SportsA look back on my first year as a sports writer

How a part-time job changed my perspective on collegiate sports
Megan FloresMay 2, 2019371 min
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Coming into college, I had no intention of taking up a job.

I wasn’t expecting to have much free time, and I definitely didn’t expect to spend more hours watching Trinity sporting events than in actual Trinity classrooms — yet that’s exactly what happened this year: I applied to work with the Trinitonian, thinking that it was an easy way to earn my communications credit and became a sports writer.

I ended up finding a new pastime that kept me engaged in campus activities, introduced me to fantastic people and allowed me to share the stories of Trinity’s dedicated student-athletes and coaching staffs.

The first thing I learned about collegiate sports is that absolutely everyone is busy. Athletes juggle both the physical stress of their sports and the mental stress of their academic workloads.

Coaches, trainers and facilities managers deal with scheduling complications, practices and competition every single day of each athletic season.

Despite this, they still managed to set aside time to participate in interviews for my articles.

Once I had to conduct an interview on the floor of the William H. Bell Center basement level so that a player could make it from class to practice on time.

I told him that I could interview someone else if he was too busy, but he insisted on taking the time to help me with my piece.

Months later, I was worried that I would be unable to finish my article about a Tuesday softball game by my Wednesday deadline, but three players graciously answered my interview questions just minutes after they stepped off the field.

Overall, the people I’ve met have all dealt with my hectic deadlines and last-minute questions with a smile.

Their positive attitudes and flexibility are a great demonstration of the commitment and organization these athletes have in both sports and in life.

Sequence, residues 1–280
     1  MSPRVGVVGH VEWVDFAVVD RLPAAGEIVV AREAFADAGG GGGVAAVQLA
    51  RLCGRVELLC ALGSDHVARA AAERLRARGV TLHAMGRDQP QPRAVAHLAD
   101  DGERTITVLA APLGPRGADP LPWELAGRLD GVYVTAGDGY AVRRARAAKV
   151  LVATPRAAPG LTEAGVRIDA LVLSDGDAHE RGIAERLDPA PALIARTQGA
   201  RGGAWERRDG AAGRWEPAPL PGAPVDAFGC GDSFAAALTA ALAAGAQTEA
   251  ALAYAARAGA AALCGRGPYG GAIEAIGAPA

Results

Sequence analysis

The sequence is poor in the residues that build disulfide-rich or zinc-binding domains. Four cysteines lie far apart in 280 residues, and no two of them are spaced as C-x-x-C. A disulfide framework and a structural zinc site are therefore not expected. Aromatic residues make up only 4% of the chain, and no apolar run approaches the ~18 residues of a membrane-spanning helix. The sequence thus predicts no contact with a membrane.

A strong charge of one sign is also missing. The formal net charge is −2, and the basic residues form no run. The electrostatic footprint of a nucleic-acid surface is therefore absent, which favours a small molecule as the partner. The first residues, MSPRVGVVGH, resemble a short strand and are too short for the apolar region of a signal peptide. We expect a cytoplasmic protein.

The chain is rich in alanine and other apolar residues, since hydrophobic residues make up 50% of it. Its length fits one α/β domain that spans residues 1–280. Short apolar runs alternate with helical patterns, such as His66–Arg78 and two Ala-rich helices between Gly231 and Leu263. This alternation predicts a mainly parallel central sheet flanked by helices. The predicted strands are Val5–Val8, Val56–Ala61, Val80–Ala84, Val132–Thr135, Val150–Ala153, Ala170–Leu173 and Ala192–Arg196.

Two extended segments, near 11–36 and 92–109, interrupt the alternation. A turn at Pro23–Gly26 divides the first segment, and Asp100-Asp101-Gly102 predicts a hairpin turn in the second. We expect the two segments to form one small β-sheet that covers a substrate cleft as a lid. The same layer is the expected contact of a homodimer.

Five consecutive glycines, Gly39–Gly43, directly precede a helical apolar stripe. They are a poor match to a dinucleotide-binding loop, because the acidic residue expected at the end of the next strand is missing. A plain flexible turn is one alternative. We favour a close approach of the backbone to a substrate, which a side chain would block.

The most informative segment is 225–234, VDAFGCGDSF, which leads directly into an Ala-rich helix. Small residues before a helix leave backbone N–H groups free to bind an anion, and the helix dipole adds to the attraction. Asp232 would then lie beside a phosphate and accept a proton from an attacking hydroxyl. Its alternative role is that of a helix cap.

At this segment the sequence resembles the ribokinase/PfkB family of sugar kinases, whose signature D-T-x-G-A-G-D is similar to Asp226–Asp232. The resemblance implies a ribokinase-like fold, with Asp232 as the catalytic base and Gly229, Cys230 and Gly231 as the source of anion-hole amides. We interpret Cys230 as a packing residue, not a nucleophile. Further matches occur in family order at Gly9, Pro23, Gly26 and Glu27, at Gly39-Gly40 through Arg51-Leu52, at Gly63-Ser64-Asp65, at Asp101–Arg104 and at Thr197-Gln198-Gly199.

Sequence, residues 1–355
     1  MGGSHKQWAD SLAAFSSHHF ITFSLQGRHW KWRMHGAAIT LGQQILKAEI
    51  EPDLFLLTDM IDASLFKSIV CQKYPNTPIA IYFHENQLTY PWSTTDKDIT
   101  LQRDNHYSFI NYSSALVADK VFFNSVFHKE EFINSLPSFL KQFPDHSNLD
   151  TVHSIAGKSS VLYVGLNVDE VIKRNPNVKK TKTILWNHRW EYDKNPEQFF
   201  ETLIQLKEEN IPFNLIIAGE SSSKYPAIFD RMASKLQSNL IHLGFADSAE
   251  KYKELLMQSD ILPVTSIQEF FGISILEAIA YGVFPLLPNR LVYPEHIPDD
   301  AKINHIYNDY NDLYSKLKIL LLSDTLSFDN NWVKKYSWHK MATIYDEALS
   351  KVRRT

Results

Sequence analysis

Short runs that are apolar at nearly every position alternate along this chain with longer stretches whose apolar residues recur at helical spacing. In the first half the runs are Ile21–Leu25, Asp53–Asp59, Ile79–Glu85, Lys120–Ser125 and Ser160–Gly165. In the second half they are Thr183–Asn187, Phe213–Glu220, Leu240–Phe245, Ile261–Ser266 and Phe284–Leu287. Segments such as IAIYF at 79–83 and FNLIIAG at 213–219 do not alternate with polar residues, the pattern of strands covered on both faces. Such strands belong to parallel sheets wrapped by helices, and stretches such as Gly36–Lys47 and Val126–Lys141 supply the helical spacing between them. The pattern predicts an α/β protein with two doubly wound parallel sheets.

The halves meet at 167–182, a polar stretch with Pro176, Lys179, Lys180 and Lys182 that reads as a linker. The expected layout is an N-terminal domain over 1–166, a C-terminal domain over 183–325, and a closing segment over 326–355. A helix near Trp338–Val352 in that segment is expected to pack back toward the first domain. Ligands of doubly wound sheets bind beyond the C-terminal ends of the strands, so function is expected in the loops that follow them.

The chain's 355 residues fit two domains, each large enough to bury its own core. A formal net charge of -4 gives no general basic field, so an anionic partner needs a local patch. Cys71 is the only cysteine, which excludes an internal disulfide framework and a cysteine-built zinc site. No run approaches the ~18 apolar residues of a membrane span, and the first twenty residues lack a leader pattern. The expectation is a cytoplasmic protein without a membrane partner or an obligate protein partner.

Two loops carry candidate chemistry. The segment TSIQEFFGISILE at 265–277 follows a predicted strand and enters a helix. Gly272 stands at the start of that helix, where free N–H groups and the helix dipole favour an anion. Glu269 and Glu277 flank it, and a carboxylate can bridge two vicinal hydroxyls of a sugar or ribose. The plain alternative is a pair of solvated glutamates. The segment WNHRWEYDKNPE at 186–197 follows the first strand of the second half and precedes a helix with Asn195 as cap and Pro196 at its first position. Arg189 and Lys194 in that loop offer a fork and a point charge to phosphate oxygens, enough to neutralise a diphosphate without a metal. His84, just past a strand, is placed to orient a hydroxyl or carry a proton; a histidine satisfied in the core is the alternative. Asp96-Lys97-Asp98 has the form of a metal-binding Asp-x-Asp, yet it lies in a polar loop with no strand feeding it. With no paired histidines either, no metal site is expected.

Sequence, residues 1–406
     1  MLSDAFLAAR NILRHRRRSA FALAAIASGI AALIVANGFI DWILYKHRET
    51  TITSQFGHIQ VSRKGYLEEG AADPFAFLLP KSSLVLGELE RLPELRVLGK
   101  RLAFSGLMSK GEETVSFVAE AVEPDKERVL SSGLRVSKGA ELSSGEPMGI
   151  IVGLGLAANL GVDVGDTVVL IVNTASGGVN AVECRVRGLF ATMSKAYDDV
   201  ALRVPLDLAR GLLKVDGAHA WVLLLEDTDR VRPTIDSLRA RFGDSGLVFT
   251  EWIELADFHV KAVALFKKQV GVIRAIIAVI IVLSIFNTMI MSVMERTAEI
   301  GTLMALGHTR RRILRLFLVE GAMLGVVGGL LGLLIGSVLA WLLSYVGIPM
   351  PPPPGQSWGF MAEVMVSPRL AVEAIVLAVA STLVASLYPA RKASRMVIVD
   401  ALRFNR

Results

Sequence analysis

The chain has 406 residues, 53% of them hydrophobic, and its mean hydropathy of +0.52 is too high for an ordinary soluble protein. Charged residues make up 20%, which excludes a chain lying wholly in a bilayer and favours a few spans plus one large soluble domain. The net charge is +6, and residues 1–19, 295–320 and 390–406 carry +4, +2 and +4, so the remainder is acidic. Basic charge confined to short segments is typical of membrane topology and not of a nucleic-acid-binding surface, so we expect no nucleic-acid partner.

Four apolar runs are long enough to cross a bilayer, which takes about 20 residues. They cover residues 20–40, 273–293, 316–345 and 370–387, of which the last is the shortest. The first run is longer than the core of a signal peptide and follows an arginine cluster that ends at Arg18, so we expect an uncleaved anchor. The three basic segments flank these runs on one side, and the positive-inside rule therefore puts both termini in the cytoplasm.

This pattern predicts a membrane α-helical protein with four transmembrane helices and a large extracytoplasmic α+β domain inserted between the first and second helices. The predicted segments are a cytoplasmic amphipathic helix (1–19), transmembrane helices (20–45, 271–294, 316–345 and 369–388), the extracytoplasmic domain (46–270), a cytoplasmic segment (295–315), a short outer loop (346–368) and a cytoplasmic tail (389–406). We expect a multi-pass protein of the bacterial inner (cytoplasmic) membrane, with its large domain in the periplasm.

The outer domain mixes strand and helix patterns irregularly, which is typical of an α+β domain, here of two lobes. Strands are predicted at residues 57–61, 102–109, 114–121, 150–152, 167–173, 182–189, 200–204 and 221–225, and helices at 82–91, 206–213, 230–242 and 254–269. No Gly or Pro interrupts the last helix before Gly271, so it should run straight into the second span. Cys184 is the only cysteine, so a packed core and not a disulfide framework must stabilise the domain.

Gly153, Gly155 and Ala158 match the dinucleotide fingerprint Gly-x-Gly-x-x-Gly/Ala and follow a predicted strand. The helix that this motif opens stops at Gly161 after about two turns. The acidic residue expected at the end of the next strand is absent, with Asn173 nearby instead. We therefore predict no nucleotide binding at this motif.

Trinity’s athletic programs have also taught me that there’s much more than just winning and losing in sports.

Not every sport here is competitive: the Trinity Outdoor Recreation club takes students on nature-based trips across the country for the sheer fun of it.

Club and intramural sports offer enjoyable ways for the student body to get active, and if a student would like to compete, they have the option.

A large portion of the Trinity population already participates in these clubs. I truly hope that this number grows even more in the future so that people get the opportunity to see that sports can mean more than just competition.

Although it’s definitely a challenge to maintain a time-consuming writing job, the experience is completely worth it.

I’ve met great people on campus that I probably wouldn’t have spoken to if I hadn’t taken this job. I’ve seen sports in entirely new perspectives and learned to appreciate that sports mean something different to everyone.

Overall, I hope that through my articles and personal experiences with Trinity athletics, the rest of this campus can appreciate sports as much as I do.

Megan Flores

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